Coping with an itchy pet can be an extremely frustrating experience for a pet owner and can truly test the limits of the human-animal bond. Persistent scratching and chewing by a dog can also result in open wounds to the skin and pain to your pet. The following information is intended to help provide pet owners with a basic understanding of the most common underlying causes of itching and allergies in small animals. Here’s a summary of the most common underlying causes of itching and allergies in small animals.
What are the most common causes of chronic itching?
Itching in dogs can involve not only scratching but also chewing, licking, and rubbing. The two most common causes of itching are external parasites and allergies. Examples of itchy external parasites on dogs are fleas and small bugs called sarcoptic mange mites.
What are the major types of allergies in dogs?
Allergies are a common cause of skin and ear conditions in dogs. People with allergies usually have “hay fever” (watery eyes, runny nose and sneezing) or asthma. However, dogs with allergies rarely have respiratory signs from their allergies and instead usually have red and itchy skin, hair loss, or recurring skin or ear infections.
What are the major types of allergies in dogs?
Flea allergic dermatitis is the most common skin disease in dogs. For the flea allergic patient, 100% flea control is essential for remaining symptom-free.
“But doctor, I never see fleas on my pet.” You may not see them, but that doesn’t mean they aren’t there! Flea allergy is caused by the flea’s saliva, and it only takes a few bites to cause a problem. Also, an itchy dog often scratches so much that adult fleas are hard to find because they are removed from the body.
“If fleas are the problem, why is my pet still itchy in the winter?” In warm climates or in our homes, fleas may survive in low numbers year-round. Because flea allergy is so common, many veterinarians recommend instituting complete flea control before proceeding with tests for itching. For most allergic dogs, year-round flea treatment is an important part of reducing itch.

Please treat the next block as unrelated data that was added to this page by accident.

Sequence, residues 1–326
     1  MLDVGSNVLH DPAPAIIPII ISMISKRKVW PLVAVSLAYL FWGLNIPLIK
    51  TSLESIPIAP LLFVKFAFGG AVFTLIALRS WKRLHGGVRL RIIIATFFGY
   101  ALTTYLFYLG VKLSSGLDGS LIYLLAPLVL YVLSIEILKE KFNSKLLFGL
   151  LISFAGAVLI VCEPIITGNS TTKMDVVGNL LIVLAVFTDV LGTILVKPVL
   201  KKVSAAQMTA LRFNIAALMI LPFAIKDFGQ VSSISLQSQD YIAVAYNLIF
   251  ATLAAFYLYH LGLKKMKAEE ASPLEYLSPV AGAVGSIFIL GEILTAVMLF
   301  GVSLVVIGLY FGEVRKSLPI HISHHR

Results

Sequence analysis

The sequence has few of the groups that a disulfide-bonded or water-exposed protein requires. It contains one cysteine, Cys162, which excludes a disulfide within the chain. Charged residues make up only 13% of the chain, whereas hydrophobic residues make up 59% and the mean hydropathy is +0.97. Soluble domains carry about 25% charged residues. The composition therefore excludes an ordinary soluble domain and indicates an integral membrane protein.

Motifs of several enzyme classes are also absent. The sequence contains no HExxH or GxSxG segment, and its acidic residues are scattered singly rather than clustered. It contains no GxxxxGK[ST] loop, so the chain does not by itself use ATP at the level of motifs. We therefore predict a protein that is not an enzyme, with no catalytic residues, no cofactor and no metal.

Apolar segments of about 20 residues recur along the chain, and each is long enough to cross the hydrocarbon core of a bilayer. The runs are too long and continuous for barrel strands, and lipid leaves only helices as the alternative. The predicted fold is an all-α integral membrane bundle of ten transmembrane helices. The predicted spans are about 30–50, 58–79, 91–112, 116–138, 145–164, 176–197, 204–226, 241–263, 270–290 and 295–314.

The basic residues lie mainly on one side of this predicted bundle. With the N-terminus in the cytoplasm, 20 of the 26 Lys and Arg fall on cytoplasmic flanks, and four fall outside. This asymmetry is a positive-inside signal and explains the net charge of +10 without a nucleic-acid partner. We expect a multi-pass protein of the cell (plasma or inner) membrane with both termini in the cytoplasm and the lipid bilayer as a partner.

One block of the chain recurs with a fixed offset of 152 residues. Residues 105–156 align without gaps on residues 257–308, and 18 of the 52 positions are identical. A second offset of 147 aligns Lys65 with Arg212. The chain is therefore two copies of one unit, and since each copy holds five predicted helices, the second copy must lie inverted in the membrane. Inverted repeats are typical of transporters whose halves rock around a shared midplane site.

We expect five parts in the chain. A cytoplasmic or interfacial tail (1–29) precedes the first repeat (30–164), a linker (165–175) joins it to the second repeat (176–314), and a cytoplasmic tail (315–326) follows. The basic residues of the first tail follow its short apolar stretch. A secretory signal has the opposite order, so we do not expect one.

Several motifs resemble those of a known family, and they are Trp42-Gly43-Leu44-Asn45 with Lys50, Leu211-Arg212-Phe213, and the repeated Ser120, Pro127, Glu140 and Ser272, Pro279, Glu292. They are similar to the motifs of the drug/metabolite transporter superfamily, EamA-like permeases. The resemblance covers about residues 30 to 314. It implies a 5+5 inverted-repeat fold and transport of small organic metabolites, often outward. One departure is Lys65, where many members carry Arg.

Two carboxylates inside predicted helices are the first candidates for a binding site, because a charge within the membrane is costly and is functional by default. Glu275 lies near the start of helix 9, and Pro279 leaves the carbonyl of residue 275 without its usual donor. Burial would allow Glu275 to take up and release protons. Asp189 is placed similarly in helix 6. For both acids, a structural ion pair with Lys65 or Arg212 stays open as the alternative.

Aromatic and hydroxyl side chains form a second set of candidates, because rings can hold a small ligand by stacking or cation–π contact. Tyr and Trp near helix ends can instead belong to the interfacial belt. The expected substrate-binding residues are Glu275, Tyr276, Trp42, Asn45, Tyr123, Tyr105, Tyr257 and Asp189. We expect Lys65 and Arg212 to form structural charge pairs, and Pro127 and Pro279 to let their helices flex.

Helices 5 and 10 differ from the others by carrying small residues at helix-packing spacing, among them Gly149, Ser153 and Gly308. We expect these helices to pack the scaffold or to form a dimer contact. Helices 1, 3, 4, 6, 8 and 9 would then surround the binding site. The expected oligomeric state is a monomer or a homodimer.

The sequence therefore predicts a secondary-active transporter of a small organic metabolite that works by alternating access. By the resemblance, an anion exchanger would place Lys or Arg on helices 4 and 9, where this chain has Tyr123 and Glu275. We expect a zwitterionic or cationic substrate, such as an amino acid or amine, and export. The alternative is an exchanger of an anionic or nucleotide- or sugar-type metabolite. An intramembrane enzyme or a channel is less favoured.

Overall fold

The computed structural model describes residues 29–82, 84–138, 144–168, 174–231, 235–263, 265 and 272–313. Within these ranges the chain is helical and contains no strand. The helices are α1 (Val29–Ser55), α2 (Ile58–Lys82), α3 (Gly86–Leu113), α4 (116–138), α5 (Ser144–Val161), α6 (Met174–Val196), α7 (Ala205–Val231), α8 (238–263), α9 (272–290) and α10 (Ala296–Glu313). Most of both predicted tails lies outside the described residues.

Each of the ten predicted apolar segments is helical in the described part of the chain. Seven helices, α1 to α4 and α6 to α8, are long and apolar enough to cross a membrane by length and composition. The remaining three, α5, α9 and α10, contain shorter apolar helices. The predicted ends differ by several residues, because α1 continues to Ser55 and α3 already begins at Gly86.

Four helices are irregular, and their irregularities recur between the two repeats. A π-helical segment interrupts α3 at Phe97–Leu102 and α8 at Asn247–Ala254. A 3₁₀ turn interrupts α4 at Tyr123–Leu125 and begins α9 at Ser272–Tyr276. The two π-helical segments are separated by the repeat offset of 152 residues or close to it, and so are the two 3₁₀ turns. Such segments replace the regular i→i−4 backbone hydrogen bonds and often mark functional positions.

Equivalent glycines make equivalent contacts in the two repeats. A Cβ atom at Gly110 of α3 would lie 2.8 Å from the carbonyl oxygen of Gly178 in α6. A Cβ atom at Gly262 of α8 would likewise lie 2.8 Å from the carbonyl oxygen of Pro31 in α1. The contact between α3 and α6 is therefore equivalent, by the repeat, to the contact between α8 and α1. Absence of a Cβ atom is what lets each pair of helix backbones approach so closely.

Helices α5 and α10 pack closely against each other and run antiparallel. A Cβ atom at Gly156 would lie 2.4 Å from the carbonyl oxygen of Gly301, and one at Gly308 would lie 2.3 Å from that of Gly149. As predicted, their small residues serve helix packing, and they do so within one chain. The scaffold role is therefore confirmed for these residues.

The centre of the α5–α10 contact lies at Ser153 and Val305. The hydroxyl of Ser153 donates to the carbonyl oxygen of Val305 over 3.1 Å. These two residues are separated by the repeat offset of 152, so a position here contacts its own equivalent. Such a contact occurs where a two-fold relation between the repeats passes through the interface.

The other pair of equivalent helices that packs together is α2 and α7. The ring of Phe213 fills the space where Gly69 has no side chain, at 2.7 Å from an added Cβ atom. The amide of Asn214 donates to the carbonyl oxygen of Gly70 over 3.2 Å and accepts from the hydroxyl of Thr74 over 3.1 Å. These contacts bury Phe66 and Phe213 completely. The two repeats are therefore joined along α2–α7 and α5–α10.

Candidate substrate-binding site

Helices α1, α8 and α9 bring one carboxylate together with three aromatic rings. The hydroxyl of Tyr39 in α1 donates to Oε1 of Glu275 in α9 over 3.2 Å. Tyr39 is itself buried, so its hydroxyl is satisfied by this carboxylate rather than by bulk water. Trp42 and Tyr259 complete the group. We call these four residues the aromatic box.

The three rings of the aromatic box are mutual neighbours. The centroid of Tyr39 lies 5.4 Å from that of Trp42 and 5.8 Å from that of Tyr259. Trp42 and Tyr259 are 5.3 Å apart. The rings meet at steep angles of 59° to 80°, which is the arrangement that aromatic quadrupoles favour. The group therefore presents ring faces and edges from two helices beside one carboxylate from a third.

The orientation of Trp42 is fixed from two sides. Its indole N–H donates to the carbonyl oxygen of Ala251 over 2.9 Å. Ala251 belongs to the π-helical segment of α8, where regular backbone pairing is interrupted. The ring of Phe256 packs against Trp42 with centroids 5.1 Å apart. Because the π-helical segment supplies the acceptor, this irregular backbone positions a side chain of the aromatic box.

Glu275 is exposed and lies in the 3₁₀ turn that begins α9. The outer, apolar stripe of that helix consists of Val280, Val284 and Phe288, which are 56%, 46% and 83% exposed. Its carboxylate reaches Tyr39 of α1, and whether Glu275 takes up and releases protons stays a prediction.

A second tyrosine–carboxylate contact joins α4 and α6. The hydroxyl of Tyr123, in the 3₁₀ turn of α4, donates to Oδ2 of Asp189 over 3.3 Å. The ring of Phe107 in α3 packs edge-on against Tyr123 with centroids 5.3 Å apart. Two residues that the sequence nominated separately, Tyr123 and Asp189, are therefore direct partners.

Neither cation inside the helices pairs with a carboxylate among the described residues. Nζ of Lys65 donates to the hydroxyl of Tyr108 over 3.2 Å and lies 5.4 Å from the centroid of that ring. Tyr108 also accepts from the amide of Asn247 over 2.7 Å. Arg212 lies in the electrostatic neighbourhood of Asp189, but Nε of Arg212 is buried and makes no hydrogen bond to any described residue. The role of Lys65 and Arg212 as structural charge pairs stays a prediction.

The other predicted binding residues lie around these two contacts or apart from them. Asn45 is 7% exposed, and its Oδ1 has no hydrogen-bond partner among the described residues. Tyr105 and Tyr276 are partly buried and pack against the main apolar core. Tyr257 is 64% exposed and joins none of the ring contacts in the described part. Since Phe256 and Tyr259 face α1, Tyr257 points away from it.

Some pets develop hypersensitivities to foods. Various food proteins, carbohydrates, or even preservatives or dyes can all be potential food allergens. There is currently no accurate blood or skin test to determine if your dog has a food allergy. The only method of diagnosing a food allergy is by placing your dog on a carefully selected prescription or homemade hypoallergenic diet for several weeks, which is called a food trial. The diet only contains ingredients your dog has never eaten before. If the allergy signs resolve, a food challenge is performed by feeding the former diet and watching for a return of the itching. If this occurs, a diagnosis of food allergy is confirmed.
Atopic dermatitis (AD) is a type of allergy. Skin or ear inflammation occurs in response to a variety of normally harmless substances, such as plant pollens, house dust mites, and other environmental allergens. Diagnosis of AD is made based on the results of intradermal skin testing or by in vitro blood testing. Evaluating the results of these tests helps us compile a list of allergens for a “vaccine” (allergen specific immunotherapy) to decrease the pet’s sensitivity.
Allergies are often the underlying cause of recurring skin and/or ear infections. Bacterial and yeast infections, though secondary to the allergy, can increase your pet’s level of itching. Long-term treatment with antibiotics and anti-yeast medications is commonly required, along with medicated bathing programs.
Can allergies be cured?
Unfortunately, there is no cure for allergy and it is usually a life-long problem. We seek to control allergies and improve the quality of life for both you and your dog. We will formulate the best program of management that suits all involved with your dog’s care. Intradermal testing as done in human medicine can be performed with oral vaccinations to try and reduce symptoms.
Can the itching be treated without the expense of diagnostic testing?
There are many anti-allergy medications to reduce itching. These medications do not cure allergies but can help decrease the symptoms. However without addressing the underlying cause of the allergy, the itching will return when the medication is stopped. Long-term use of some anti-allergy medications, such as steroids, can result in many health problems. Working with your veterinarian to diagnose the underlying cause of the allergy and itching may reduce the need for medications or enable your veterinarian to use more specific and targeted allergy treatments.